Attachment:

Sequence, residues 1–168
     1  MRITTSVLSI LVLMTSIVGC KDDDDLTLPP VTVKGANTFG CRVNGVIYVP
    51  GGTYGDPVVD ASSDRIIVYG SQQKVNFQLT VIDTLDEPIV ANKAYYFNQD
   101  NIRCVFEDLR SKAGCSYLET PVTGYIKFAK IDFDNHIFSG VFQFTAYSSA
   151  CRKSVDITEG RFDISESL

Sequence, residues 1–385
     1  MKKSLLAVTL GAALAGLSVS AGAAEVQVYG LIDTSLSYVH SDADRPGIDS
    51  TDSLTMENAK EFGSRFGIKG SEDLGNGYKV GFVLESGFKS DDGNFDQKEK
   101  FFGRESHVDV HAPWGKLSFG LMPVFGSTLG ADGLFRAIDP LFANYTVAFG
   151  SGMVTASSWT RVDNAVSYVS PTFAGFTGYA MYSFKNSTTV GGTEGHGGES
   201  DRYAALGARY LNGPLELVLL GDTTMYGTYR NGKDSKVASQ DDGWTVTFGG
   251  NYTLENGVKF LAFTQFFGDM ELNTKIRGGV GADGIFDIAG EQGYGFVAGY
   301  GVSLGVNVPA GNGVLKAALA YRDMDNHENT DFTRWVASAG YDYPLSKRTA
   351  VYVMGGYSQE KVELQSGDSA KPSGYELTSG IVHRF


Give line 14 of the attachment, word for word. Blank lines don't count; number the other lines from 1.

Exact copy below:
   351  VYVMGGYSQE KVELQSGDSA KPSGYELTSG IVHRF